We’ve thoroughly enjoyed using the AI Vega on our 29 gallon coral aquarium for over a year but with the release of the Hydra 26, it was time to try something new. Having our AI Vega in white be replaced with a nearly identical, white fixture which is smaller but equally bright is quite a surprise, especially when you’ve been looking at the same corals under the same light for so long, but it really only took about ten minutes to adjust.
The Vega has 20 LEDs and a power rating of up to 95 watts while the Hydra 26 has 26 LEDs and a power rating up to 90 watts. While we never ran the Vega at full power, especially the red and white colors, its spread out LEDs really helped to fill the roughly two foot cube with light in every corner.
The spread of light from the Hydra 26 was going to be our main sticking point since its LEDs are clustered more centrally but AquaIllumination did an amazing job of engineering the light spread and color mixing. With all of its diodes grouped into two tight clusters, the Hydra 26 clearly has much better color mixing than the widely spaced diodes of the Vega.
When the water flow rippled the surface quite strongly, the color spread of the Vega had a noticeable disco-ball effect that wasn’t that distracting, but could be a problem in other tanks with more surface agitation. With the new Hydra 26 on the tank, the tightly grouped LED clusters create almost no disco-ball effect and the lighting is impressively uniform throughout every corner of the tank.
It’s hard to compare the light color of two different LED lights with different LEDs inside of them but with the white, green and red channels reduced to 20% and all other shades of blue and pink cranked up to 100%, the color differences of the two lights becomes noticeable. The AI Vega with its rich blue and no UV appears definitely more cool blue in color. Meanwhile the Hydra 26 with its omission of regular “bright” 460nm blue and use of shorter wavelength UV and Violet LEDs is a pronounced more purple coloration, like an old-school T5 spectrum in many ways.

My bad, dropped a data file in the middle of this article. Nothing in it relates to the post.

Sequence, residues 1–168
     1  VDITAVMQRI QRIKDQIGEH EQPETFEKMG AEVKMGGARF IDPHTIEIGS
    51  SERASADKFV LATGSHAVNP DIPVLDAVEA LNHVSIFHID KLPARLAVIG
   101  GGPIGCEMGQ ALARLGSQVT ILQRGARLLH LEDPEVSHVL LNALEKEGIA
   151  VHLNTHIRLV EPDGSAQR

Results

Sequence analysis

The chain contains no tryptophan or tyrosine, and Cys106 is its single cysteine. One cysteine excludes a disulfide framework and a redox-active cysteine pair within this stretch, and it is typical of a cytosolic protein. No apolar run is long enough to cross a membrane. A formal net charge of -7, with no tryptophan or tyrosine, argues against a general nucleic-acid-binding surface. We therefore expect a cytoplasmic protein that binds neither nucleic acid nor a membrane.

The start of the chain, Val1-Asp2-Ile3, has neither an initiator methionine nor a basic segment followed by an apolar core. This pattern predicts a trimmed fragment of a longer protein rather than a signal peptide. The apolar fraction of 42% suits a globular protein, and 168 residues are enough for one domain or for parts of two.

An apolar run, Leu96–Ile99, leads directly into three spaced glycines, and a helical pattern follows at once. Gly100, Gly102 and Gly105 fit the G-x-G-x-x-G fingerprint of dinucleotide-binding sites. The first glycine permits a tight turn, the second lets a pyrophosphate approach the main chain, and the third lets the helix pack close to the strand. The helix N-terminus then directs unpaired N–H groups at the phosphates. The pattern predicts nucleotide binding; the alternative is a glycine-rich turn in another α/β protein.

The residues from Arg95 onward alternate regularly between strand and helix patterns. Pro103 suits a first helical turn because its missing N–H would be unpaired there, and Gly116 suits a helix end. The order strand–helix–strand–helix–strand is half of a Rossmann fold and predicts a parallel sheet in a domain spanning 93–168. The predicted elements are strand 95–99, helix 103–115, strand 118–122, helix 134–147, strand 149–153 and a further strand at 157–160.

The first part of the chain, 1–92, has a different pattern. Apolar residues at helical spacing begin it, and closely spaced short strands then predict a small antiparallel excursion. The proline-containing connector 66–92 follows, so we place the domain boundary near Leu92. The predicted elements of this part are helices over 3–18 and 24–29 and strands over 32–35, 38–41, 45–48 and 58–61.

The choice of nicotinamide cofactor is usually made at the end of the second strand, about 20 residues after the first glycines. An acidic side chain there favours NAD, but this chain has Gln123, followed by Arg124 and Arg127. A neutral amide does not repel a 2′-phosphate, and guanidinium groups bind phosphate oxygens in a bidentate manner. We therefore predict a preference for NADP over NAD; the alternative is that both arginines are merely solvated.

The quantity and quality of the light is nearly indistinguishable between the Hydra26 and Vega LED lights and AquaIllumination really pushed the limits of how much light can come from such a small package. We might miss the slightly brighter fluorescence of orange and yellow colors that regular blue LEDs offer but this is an acceptable tradeoff to have much more pink, purple and red colors being rendered by the short wavelength diodes.
The photos in this review of the Hydra 26 next to the AI Vega do a good job of showing the approximate color difference between the two lights but the real point here is that AI has squeezed as much power and functionality into a $400 light as they previously offered for $600. Despite its small size, if the Hydra 26 can go toe-to-toe with the previous flagship AI Vega LED it goes to show that the AI Hydra 26 is most definitely not a nano LED light, even if its form factor suggests as much.